Overview Respiratory distress syndrome (RDS) also known as hyaline membrane disease is a pulmonary disease resulting from immature lung development and surfactant deficiency. Most frequently seen in preterm infants, the clinical presentation is characterized by signs of respiratory distress including nasal flaring, tachypnea, and grunting (an expiratory sound that is heard as the infant exhales against a partially closed glottis). Symptoms often present shortly after birth and can increase in severity over the first 48 to 72 hours of life. The radiologic findings of RDS consist of a homogenous ground glass appearance of the lung fields with visible air bronchograms.
|Remember >90% risk of RDS if fetus is born 28 weeks or less
Hyperpnea: refers to deep, relatively unlabored respirations at mildly increased rates. It is typical of situations in which there is reduced pulmonary blood flow (e.g., pulmonary atresia), and it results from the ventilation of underperfused alveoli.
Tachypnea: refers to shallow, rapid, and somewhat labored respirations, and it is seen in the setting of low lung compliance (e.g., primary lung disease, pulmonary edema).
Transition from foetal life to neonatal life requires:
|Think Infants born by caesarean section are more likely to have retained lung fluid.
Usually occur at or soon after birth (first 4-6 hours)
|Persistent pulmonary hypertension of the newborn is a clinical syndrome of severe hypoxemia resulting from failure of the foetal circulatory pattern to transition normally to the newborn circulatory pattern.
A chest x-ray is the investigation to perform in infants with respiratory distress. Findings for RDS are white lungs with the presence of air bronchograms and a ground glass appearence. Air bronchograms are so called because the small air-filled bronchi are seen outlined against the opacified fluid-filled alveoli. Ground glass is because of alveoli collapse.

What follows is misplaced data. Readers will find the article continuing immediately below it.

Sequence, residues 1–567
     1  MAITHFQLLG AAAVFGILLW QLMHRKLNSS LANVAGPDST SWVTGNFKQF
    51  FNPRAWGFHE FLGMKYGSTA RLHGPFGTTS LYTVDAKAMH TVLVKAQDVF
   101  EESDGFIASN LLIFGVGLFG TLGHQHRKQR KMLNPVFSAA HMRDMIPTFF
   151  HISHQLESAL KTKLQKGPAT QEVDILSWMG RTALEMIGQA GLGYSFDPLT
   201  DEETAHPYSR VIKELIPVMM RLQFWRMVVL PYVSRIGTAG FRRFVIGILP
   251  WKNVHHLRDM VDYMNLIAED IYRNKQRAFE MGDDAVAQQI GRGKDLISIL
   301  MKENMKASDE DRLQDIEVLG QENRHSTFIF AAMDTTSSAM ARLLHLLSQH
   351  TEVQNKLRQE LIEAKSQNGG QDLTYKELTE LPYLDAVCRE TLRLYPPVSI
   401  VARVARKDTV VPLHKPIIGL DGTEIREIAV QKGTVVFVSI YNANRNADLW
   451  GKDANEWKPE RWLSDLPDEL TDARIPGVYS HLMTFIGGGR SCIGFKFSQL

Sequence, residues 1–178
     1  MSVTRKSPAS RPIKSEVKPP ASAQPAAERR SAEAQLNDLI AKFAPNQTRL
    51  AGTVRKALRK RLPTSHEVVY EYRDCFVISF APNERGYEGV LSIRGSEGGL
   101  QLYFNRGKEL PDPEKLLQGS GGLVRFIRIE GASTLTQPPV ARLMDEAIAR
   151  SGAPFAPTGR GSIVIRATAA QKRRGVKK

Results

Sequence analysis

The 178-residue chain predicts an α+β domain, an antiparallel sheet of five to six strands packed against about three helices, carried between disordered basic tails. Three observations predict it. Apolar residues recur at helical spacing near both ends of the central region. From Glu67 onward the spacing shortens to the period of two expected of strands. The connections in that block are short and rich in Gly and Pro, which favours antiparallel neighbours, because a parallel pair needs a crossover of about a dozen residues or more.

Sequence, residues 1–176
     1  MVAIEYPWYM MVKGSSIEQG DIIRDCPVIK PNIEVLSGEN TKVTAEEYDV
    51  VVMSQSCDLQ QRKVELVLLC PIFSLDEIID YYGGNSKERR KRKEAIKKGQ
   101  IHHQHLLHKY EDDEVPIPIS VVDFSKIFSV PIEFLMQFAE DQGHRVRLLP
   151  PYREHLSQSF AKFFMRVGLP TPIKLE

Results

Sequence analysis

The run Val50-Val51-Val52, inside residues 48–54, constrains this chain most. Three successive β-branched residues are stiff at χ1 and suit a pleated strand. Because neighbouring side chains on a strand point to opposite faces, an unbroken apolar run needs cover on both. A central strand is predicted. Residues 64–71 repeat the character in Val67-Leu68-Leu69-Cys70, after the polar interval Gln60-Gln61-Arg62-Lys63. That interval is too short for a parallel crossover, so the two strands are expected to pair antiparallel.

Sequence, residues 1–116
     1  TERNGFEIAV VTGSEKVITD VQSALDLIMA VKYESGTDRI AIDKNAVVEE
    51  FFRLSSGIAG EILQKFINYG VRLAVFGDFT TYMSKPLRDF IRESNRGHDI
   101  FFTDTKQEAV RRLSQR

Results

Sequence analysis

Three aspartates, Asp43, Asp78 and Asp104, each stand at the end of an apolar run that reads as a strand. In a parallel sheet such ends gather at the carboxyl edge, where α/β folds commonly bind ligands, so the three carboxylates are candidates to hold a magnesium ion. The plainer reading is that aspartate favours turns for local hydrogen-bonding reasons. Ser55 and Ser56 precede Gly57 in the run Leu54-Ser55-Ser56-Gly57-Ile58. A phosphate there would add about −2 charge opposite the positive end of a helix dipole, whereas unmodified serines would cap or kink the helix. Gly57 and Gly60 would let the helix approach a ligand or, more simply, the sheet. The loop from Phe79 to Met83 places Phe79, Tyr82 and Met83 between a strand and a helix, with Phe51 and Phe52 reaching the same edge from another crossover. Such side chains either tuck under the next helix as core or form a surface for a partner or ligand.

Diagnosis is made on the basis of the combination of clinical and radiological features
|Side Note Surfactant is a surface-active lipoprotein complex comprised of a mixture of phospholipids (90%), proteins (10%), and a small portion of other neutral lipids. The main function of surfactant is to decrease surface tension of the alveoli allowing for maintenance of functional residual capacity preventing atelectasis and lung injury. The surfactant proteins also contribute to natural immunologic defences and assist with the spreading of surfactant throughout the alveoli and the recycling of surfactant between cells and the airspaces.
More info on Neonatal resuscitation
|Remember Surfactant administration should be considered in any premature intubated infant with a presumed diagnosis of RDS.
|Indications for intubations
|Severe recurrent apnoea
|Remember If baby suddenly deteriorates despite initially improving think of the possible causes of sudden deterioration
Overview ARDS is an acute, diffuse, inflammatory lung injury that leads to increased pulmonary vascular permeability, increased lung weight, and a loss of aerated tissue. Clinical hallmarks of ARDS are hypoxemia and bilateral radiographic opacities, while the pathological hallmark is diffuse alveolar damage.
|Remember Clinical hallmarks of ARDS are hypoxemia and bilateral radiographic opacities, while the pathological hallmark is diffuse alveolar damage
Diagnostic Criteria - Berlin Definition
Complications of ARDS
|DIFFERENCES BETWEEN NEONATAL AND ADULT RESPIRATORY DISTRESS SYNDROME
|Neonatal Respiratory Distress
|Adult Respiratory Distress
|Premature infants, Caesarean section, Infant of diabetic mother
|Adults sustained direct or indirect lung damage
|Direct damage to lung (trauma, aspiration, irritant) or indirect damage from shock
|Mechanical ventilation (positive end-expiratory pressure), Oxygenation, treat underlying disorder/precipitant, fluid management
|Resuscitation then CPAP